Nature-based solutions
Sustainable local food chains
Flytevi meets the value of sustainability in terms of climate benefits; algae and mussels have low greenhouse gas emissions compared to meat and can even absorb some of the carbon dioxide from the water. The project also has environmental benefits, such as the prevention of sea eutrophication by absorption of excess nutrients; reduced overfishing by normalising other edible sea species; and habitat creation to protect marine biodiversity. In this way, our pilot reduces the environmental impact of traditional farming (that uses phosphorous, nitrogen, and water) and restores the biodiversity of the area, as the algae and blue mussels hang from 3D-structure under the surface, creating habitats and shelter for other organisms. All while using nature-based solutions with minimal environmental impact as all the grown species are non-invasive and the platform is constructed using locally sourced core pine as its main material.

We used a transdisciplinary approach in creating Flytevi to ensure that its creation would be helpful, not harmful, to the environment. Our city development department collaborated closely with marine biologists, researchers, and students from Gothenburg university to ensure that the algae and mussels grown in the prototype were suited to the saline levels of the water, that the cultivation would not interfere with the existing ecosystems on site and that it created a net positive effect on its surrounding environment.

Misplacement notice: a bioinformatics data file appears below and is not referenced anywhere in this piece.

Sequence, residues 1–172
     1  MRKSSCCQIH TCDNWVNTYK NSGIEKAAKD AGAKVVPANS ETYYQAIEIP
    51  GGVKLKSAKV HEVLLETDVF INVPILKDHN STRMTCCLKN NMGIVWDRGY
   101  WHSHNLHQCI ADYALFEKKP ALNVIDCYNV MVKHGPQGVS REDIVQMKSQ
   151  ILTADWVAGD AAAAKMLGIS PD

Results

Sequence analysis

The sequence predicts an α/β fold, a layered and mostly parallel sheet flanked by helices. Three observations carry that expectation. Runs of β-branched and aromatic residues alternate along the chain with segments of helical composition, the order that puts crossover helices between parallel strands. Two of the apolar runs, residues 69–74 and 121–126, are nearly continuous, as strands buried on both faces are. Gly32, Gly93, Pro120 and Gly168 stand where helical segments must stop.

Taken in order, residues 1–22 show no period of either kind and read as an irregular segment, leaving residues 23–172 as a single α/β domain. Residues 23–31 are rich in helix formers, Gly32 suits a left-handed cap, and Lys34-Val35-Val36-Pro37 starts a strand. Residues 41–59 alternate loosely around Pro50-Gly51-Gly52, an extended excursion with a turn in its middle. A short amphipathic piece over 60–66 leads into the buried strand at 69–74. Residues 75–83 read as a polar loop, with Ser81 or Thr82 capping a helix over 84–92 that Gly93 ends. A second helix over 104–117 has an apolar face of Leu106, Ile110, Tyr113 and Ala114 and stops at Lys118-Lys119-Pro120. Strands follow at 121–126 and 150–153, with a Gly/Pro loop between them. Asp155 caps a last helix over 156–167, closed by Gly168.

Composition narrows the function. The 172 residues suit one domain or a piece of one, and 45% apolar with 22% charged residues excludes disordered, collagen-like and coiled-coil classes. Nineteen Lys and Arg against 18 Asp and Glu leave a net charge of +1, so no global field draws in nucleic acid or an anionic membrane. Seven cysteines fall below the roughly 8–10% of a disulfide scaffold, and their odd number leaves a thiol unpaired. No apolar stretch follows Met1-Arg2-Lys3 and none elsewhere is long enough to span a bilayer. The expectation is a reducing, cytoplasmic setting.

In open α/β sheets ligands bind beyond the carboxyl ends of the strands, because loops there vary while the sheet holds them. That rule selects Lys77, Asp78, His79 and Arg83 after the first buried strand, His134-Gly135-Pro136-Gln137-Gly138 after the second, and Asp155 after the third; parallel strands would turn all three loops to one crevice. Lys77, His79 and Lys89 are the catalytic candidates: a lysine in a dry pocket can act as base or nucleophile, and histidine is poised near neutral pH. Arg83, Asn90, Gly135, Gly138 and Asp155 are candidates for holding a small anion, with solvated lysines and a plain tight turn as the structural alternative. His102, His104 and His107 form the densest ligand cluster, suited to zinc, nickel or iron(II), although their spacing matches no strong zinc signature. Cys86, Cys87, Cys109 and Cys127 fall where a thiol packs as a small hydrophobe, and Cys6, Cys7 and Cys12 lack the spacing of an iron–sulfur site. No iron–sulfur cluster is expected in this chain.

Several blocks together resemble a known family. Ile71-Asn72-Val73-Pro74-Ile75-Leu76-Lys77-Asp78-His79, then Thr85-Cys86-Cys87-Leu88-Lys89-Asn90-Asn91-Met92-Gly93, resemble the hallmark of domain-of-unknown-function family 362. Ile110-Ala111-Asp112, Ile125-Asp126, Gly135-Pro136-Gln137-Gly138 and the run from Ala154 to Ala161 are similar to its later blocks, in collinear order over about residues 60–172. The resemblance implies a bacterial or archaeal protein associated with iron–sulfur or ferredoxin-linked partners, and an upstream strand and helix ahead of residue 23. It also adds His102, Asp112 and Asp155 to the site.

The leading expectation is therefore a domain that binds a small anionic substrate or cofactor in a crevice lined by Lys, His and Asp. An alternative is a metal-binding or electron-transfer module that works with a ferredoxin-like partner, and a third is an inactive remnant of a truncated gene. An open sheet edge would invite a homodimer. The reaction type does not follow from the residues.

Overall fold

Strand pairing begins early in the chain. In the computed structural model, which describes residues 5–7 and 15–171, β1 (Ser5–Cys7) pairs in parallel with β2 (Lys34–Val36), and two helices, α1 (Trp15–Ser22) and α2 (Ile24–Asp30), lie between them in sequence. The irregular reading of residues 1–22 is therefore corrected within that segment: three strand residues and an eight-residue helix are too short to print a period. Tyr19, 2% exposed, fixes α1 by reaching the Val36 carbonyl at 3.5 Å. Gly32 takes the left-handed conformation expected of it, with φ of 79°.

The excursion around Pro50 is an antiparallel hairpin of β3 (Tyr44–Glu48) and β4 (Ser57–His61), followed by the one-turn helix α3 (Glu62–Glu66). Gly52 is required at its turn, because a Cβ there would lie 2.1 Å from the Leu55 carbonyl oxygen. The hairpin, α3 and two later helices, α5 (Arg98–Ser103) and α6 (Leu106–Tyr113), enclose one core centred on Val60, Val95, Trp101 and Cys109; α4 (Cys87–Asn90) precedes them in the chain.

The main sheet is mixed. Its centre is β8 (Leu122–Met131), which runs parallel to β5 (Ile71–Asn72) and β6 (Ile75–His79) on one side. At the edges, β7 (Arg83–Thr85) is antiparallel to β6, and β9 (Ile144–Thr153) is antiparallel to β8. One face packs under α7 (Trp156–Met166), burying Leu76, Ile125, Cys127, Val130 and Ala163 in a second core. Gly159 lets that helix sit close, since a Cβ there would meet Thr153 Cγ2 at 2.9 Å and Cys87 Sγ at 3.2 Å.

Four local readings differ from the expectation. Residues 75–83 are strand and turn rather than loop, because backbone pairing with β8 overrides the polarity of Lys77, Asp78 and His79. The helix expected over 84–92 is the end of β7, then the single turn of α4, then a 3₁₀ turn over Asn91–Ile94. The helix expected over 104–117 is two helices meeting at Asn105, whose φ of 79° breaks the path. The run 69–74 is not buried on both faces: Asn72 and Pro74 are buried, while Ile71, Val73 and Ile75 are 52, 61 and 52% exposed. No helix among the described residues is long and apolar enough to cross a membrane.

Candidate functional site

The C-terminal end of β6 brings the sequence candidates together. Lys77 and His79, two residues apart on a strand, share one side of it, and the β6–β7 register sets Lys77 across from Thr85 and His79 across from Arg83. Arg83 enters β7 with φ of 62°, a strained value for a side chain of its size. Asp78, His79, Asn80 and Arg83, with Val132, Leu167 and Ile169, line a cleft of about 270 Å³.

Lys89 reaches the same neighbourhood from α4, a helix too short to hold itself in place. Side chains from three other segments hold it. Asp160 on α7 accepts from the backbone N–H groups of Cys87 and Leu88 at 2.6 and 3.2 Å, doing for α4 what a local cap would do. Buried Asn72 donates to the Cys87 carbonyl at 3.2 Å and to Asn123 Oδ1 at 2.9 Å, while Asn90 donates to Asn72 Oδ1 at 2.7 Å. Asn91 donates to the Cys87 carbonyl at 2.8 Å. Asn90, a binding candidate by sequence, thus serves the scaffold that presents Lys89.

Flytevi contributes to lasting protection for the planet and its natural resources through increased knowledge and interest in sustainable food from the sea, increased ocean awareness, and empowering citizens to change their behaviour to participate in the sustainable transition.
When creating Flytevi, the fusion of aesthetics and the quality of experience was considered for its design, location, construction materials and activities. Flytevi is located in the reimagined old harbour area of Frihamnen, as part of a larger urban development project there that has evolved over several years, with public collaborations being at the core mission. Through the application of place-making methodologies, citizens have actively engaged in the development and construction of numerous prototypes within the region, and Flytevi is but one example of this collective effort.

Positioned alongside a scenic walking path, that will be developed into a recreational and cultural walking path along the river, the context and surrounding area were incorporated to ensure that the design resonated with the surrounding ambiance. Using locally sourced core pine as the primary material, we crafted a platform that marries beauty with sustainability. The platform's railings draw inspiration from the underwater world. The Flytevi mobile kitchen was designed by students at the local Academy of Art and Design.